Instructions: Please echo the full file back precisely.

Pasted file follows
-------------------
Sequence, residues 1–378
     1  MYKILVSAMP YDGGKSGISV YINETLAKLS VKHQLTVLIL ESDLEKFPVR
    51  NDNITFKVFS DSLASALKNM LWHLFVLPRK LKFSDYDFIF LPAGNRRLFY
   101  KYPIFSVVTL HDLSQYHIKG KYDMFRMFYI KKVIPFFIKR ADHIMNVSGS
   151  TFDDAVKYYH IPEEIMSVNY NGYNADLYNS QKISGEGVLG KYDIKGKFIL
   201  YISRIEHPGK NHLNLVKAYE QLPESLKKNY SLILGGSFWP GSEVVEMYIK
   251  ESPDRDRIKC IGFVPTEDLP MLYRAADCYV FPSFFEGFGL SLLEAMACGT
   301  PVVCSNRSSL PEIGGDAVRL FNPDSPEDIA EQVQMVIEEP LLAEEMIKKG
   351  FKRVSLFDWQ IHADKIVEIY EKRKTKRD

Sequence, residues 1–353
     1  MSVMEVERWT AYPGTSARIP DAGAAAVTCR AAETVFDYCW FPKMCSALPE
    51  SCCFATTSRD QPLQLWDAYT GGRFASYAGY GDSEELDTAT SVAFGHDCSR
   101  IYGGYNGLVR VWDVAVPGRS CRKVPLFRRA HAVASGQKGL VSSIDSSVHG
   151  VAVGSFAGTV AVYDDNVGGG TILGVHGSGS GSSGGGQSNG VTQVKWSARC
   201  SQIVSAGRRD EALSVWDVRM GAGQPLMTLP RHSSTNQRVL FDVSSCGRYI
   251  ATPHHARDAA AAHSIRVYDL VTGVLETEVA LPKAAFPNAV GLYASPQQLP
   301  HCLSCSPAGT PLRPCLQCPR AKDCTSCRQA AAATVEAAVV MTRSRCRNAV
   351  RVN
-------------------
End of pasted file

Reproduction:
Sequence, residues 1–378
     1  MYKILVSAMP YDGGKSGISV YINETLAKLS VKHQLTVLIL ESDLEKFPVR
    51  NDNITFKVFS DSLASALKNM LWHLFVLPRK LKFSDYDFIF LPAGNRRLFY
   101  KYPIFSVVTL HDLSQYHIKG KYDMFRMFYI KKVIPFFIKR ADHIMNVSGS
   151  TFDDAVKYYH IPEEIMSVNY NGYNADLYNS QKISGEGVLG KYDIKGKFIL
   201  YISRIEHPGK NHLNLVKAYE QLPESLKKNY SLILGGSFWP GSEVVEMYIK
   251  ESPDRDRIKC IGFVPTEDLP MLYRAADCYV FPSFFEGFGL SLLEAMACGT
   301  PVVCSNRSSL PEIGGDAVRL FNPDSPEDIA EQVQMVIEEP LLAEEMIKKG
   351  FKRVSLFDWQ IHADKIVEIY EKRKTKRD

Sequence, residues 1–353
     1  MSVMEVERWT AYPGTSARIP DAGAAAVTCR AAETVFDYCW FPKMCSALPE
    51  SCCFATTSRD QPLQLWDAYT GGRFASYAGY GDSEELDTAT SVAFGHDCSR
   101  IYGGYNGLVR VWDVAVPGRS CRKVPLFRRA HAVASGQKGL VSSIDSSVHG
   151  VAVGSFAGTV AVYDDNVGGG TILGVHGSGS GSSGGGQSNG VTQVKWSARC
   201  SQIVSAGRRD EALSVWDVRM GAGQPLMTLP RHSSTNQRVL FDVSSCGRYI
   251  ATPHHARDAA AAHSIRVYDL VTGVLETEVA LPKAAFPNAV GLYASPQQLP
   301  HCLSCSPAGT PLRPCLQCPR AKDCTSCRQA AAATVEAAVV MTRSRCRNAV
   351  RVN